The judge commented that it was most regrettable that this dispute was not resolved without the parties having to come to court. Whilst it was inevitable that on occasions those advising local authorities and CCGs would take different views on the complicated legal structures governing their operation, the NHS and the LGA ought urgently to work together to devise a mechanism by which such disputes can be resolved without resort to expensive legal proceedings. (26 March 2018)

If you wish to discuss any of the items noted in this section please contact Kirtpal Kaur Aujla.

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Business Rates

Non-Domestic Rating (Nursery Grounds) Bill: this Bill has been introduced into the Commons and received its First Reading. The Bill amends the Local Government Finance Act 1988 to provide that both agricultural land and buildings at plant nursery grounds are exempt from business rates. A plant nursery is defined as a property where small plants or tress are propagated or sown in their initial stages of growth with a view to selling them to someone else for rearing onto their mature state. The changes do not apply to garden centres which will continue to be rateable. The amendments will apply retrospectively, with effect from 1 April 2015. Any plant nurseries charged business rates from this date will be eligible to apply for a refund.
See also MHCLG's factsheet on the Bill. (23 May 2018)

If you wish to discuss any of the items noted in this section please contact Judith Barnes.

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Children's Services

DfE: Children's services omnibus – Wave 3 research report: this report presents the findings from the third wave of the DfE Children’s Services Omnibus Survey. The survey explored senior council leaders’ perceptions on, and activities relating to, a range of policy areas, including: children’s social care; early years and childcare provision in authorities; and services for children and young people with special educational needs and disabilities. (17 May 2018)

DfE: Revised statutory direction to Worcestershire County Council: the Secretary of State has issued a revised direction that requires the Council to work with the Commissioner towards the establishment of a wholly-owned council company for the delivery of children’s social care services in Worcestershire. It replaces the previous direction issued in September 2017. (25 May 2018)

LGSCO: Firm foundations – complaints about council support and advice for special guardians: this report highlights the variety of problems faced by special guardians in seven out of 10 complaints which the Ombudsman upholds about councils on this subject. Common faults include councils not giving the right advice, including about the financial support available, before people become special guardians, leaving them to make uninformed decisions about the long-term implications. The Ombudsman is also seeing problems with councils not getting proper support plans in place, leaving guardians unclear about the support available, and for how long after they become guardians. Other problems the Ombudsman sees include councils incorrectly calculating, changing or cutting special guardianship allowances.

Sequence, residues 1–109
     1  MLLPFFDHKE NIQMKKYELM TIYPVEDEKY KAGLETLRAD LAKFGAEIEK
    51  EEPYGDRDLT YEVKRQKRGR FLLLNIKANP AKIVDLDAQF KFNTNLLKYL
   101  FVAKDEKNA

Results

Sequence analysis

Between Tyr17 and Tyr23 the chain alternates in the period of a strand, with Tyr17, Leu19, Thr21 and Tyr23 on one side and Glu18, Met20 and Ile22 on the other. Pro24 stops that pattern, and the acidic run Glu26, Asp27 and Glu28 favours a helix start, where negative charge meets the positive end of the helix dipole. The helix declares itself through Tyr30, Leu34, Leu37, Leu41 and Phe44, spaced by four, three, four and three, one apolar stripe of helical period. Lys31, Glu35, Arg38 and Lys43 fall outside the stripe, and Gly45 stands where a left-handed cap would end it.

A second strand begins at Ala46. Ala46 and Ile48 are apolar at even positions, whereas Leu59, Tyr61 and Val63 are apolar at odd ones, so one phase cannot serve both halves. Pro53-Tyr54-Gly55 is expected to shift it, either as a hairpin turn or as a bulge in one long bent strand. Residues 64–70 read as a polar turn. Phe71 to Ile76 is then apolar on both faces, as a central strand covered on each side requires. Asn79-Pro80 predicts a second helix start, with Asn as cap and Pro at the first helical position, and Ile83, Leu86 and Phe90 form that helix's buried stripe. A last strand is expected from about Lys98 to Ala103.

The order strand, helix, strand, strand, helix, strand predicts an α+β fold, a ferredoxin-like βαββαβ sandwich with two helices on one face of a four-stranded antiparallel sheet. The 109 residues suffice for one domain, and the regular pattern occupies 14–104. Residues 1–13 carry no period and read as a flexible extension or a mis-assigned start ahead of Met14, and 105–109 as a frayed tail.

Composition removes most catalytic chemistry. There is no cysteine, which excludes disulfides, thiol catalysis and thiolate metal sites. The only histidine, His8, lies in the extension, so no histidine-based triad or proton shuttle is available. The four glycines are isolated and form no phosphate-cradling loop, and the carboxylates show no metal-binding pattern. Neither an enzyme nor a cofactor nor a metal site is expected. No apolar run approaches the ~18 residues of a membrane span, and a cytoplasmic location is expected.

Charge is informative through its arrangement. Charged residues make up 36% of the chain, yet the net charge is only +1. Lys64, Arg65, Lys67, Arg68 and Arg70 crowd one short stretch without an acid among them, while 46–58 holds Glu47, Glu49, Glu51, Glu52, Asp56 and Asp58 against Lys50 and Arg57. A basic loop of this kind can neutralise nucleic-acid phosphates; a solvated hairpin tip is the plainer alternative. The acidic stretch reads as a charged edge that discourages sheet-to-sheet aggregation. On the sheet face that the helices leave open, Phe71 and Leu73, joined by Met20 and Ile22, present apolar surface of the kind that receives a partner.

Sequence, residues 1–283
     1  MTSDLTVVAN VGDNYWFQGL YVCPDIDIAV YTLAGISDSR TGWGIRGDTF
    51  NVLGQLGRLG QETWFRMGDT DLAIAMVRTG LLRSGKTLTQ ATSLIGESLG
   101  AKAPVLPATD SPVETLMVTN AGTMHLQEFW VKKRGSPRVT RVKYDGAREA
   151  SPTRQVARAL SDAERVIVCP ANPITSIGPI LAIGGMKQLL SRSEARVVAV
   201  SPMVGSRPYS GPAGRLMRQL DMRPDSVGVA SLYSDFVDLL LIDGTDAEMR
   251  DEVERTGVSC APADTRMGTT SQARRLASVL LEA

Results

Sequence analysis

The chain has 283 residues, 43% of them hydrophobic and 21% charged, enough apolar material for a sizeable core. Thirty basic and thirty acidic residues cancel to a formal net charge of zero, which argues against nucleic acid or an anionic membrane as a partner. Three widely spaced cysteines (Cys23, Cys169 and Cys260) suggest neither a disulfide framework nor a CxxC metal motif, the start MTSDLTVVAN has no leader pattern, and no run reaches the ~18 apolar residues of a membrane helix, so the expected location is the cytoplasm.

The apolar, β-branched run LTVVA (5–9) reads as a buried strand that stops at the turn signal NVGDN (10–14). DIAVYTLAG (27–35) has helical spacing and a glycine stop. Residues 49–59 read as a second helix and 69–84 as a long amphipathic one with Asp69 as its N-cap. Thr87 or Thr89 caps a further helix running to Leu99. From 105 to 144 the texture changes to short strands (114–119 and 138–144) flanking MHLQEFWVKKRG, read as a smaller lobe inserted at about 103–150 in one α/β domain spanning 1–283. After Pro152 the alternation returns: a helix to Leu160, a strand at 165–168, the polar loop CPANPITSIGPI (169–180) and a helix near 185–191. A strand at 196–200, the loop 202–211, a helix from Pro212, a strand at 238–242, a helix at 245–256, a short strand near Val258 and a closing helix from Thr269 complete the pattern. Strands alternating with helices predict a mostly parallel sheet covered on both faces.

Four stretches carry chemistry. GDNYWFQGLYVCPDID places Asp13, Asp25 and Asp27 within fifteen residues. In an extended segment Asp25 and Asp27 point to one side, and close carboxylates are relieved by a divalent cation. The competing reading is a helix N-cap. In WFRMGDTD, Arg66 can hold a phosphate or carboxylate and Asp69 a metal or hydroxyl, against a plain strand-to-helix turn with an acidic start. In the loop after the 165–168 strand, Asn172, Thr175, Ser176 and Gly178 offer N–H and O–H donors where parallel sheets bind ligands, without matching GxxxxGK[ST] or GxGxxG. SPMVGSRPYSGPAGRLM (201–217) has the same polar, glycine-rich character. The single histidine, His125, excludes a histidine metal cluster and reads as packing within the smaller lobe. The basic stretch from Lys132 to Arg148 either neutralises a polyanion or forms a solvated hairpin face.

See also the LGO's report into North Tyneside Council, which found that the Council had not been paying special guardians the level of financial support they were entitled to over a number of years. (17 May 2018)

Welsh Government: Analysis of outcomes for children and young people 4 to 5 years after a final Care Order: this study explores the placement of children in care in Wales, how these compare with the outcomes aspired to in their Care Plan and the key success factors associated with positive placements. The findings show that most children and young people in care in Wales are doing well, with over three quarters experiencing a high level of placement stability. (15 May 2018)

R (KI) v Brent LBC [2018] EWHC 1068 (Admin) (Admin Ct): KI applied for judicial review of the Council's refusal to recognise him as a child in need requiring accommodation under s. 20 of the Children Act 1989 and, subsequently, on his attaining the age of 18, to recognise his status as a "former relevant child". The court granted KI's application. Prior to ruling on the case, the judge expressed concerns that the Council had not fully complied with its duty of candour and questioned whether the court had been given an accurate account of the material facts. The Council did not dispute that it had not provided an accurate picture of the material facts and it explained in its written submissions that it did not have appropriate procedures in place to enable the lawyers to be sure that the duty had been complied with. The court considered that the Council had not properly discharged its duty, which was of particular concern given the nature of the claim and KI's vulnerable status. The judge emphasised the importance of the duty of candour in the case of vulnerable children and young people and stated that local authorities charged with these duties should have in place procedures to ensure that that they did not fall into similar errors, which included the lack of access by the legal department to the social services records. The judge found the Council's lack of effective procedures to ascertain the facts and obtain relevant documents from the department concerned to be disturbing; there could be no excuse for this poor compliance given previous decisions which emphasised the "very high duty on public authority respondents". The court's overriding concern was to ensure that the interests of children and young persons had been properly protected; the question of inconvenience and costs to the authorities concerned in reporting and accounting for their decisions and actions could not be permitted to take precedence or to provide an excuse for a failure to comply. It was the responsibility of the lawyers involved in such cases to ensure that all those involved in the authority were aware of the duty of candour and complied with it. (10 May 2018)